September 2017
Volume 17, Issue 10
Open Access
Vision Sciences Society Annual Meeting Abstract  |   August 2017
Distractor suppression in visual search: Converging evidence from electrophysiology and computational modelling
Author Affiliations
  • Heinrich Liesefeld
    Department of Psychology, Ludwig-Maximilians-Universität München
  • Hermann Müller
    Department of Psychology, Ludwig-Maximilians-Universität München
    Department of Psychological Sciences, Birkbeck College, University of London
Journal of Vision August 2017, Vol.17, 944. doi:
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      Heinrich Liesefeld, Hermann Müller; Distractor suppression in visual search: Converging evidence from electrophysiology and computational modelling. Journal of Vision 2017;17(10):944.

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      © ARVO (1962-2015); The Authors (2016-present)

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The order of attention allocations in visual search is often explained by the operation of a pre-attentive priority map. If the search target is salient, thus achieving a high weight on that map, it typically summons attention immediately (efficient search). However, if a task-irrelevant item receives an even higher weight, attention is captured by this 'distractor' before it can be reallocated to the target. Although attentional capture is a widely examined phenomenon, it is still unclear what processes are required for continuing search following a misallocation of attention: does attention simply move on to the next item, or must the attended distractor be actively suppressed on the priority map? To examine this, we devised a task in which attention was reliably allocated first to the distractor and only then to the search target, as evidenced by an electrophysiological marker of attention allocation (N2pc). Importantly, attention allocation to the distractor was reliably followed by an electrophysiological correlate of active suppression (PD). Given this, we asked whether this suppression works instantaneously, independently of the distractor weight on the priority map, or whether it takes time dependent on that weight. We contrasted these two possibilities in computational models that either did, or did not, include a parameter reflecting distractor-weight-dependent time requirements for distractor suppression. Only model variants that included such a parameter could successfully explain the observed RT data patterns. Together, these findings indicate that distractor suppression is necessary for continuing search after attention was captured and that the time required for this process depends on the distractor weight on the priority map. We propose that the same mechanisms are involved when attention is misallocated towards non-salient distractors during inefficient search and that persistent suppression might act as a transient memory of visited distractor locations.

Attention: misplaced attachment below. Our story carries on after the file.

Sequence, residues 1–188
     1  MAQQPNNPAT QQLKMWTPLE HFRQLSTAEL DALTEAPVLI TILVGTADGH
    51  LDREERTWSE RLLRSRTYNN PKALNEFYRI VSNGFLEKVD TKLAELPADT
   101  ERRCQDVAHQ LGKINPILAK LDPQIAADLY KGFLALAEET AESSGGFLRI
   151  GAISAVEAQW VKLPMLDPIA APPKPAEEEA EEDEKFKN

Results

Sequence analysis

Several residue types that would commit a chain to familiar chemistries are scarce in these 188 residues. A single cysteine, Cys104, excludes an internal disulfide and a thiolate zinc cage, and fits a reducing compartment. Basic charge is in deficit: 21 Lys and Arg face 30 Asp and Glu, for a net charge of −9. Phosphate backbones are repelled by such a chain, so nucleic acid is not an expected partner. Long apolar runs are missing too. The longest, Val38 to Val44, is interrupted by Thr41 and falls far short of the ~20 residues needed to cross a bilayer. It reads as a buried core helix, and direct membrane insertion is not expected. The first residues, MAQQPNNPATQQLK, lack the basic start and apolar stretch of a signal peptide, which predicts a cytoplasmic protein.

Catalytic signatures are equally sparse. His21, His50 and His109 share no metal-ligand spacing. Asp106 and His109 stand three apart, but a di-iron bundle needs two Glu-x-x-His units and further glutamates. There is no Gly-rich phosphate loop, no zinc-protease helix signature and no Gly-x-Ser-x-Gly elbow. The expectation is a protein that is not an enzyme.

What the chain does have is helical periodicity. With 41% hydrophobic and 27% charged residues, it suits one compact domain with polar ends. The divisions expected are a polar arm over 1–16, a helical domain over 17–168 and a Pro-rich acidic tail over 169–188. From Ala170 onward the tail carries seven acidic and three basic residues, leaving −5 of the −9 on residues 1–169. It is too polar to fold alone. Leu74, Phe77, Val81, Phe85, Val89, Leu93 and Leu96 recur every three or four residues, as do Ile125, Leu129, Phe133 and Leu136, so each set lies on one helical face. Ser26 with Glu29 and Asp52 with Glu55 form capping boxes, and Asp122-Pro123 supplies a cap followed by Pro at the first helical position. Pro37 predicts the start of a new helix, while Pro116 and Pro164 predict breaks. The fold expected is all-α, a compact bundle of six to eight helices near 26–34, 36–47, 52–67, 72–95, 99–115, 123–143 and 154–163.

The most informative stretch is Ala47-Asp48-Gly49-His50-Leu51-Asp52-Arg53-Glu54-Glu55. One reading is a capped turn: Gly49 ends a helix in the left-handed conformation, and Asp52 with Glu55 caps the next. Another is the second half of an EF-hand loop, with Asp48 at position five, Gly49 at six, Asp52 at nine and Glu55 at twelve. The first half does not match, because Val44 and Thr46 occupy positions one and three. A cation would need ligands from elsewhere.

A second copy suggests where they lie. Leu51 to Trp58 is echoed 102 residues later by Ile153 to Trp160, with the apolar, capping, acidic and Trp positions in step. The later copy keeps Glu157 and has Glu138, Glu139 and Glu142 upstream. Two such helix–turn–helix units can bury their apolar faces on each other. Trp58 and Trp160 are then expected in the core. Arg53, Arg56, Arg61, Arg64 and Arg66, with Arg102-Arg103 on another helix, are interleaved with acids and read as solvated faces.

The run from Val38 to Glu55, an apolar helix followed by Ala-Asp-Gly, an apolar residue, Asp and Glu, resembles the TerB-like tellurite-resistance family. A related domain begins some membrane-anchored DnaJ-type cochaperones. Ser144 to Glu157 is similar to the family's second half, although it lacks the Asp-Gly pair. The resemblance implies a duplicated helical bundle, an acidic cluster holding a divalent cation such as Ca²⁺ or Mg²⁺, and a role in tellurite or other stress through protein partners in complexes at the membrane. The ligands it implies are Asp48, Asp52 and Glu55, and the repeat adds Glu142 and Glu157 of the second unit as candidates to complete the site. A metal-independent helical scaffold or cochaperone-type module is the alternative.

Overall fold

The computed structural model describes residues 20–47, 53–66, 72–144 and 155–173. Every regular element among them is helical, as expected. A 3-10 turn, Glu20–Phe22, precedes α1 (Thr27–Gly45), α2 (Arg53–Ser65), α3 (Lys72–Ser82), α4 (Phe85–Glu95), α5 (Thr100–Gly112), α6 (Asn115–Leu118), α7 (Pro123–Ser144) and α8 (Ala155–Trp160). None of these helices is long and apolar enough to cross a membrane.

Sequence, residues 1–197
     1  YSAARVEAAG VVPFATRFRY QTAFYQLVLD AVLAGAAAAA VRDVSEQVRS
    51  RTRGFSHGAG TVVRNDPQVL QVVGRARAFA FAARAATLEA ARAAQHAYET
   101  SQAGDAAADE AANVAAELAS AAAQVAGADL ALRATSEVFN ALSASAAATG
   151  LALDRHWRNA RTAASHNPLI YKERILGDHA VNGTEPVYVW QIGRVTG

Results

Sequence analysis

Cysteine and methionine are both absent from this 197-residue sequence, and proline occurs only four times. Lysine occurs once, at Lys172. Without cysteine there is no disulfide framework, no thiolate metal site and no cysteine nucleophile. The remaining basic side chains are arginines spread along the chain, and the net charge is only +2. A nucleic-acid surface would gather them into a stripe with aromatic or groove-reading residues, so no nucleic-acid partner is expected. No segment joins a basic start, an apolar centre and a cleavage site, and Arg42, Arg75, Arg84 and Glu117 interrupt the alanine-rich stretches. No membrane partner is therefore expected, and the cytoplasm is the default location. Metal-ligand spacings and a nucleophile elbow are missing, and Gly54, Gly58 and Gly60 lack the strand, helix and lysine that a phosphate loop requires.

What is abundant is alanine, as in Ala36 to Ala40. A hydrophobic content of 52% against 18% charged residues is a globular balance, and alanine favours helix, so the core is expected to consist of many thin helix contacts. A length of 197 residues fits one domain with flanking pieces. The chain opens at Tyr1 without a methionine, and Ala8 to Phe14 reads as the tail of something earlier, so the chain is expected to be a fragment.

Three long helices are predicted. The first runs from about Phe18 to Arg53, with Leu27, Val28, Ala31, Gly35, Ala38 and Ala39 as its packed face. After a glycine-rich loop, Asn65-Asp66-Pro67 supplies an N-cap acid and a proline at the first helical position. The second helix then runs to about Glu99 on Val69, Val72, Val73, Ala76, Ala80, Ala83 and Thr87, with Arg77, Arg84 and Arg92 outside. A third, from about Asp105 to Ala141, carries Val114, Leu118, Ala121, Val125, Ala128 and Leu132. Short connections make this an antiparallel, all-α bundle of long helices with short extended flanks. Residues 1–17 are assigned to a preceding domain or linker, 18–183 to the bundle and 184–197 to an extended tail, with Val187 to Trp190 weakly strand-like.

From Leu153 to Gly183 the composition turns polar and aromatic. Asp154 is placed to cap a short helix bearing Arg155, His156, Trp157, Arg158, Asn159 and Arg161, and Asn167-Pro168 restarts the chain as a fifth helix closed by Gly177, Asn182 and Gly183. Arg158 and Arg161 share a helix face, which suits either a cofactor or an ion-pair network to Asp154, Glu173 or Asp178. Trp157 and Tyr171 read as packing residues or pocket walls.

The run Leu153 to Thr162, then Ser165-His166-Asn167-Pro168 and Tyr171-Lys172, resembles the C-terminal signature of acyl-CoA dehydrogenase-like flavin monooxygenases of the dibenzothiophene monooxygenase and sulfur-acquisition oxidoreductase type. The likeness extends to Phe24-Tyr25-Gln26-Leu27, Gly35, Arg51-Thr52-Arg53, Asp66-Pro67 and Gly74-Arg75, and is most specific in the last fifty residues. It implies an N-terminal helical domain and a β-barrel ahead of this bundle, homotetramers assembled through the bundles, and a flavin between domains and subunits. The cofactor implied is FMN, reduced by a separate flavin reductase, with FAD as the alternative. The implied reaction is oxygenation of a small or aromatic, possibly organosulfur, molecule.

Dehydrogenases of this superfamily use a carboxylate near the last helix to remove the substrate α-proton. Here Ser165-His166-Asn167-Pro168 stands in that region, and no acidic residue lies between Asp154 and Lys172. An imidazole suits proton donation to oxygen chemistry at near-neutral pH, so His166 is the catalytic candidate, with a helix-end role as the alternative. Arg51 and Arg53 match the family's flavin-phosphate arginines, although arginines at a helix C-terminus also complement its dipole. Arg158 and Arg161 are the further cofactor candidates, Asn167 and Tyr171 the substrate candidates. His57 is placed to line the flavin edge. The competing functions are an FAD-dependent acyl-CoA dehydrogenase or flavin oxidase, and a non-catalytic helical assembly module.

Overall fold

Meeting abstract presented at VSS 2017


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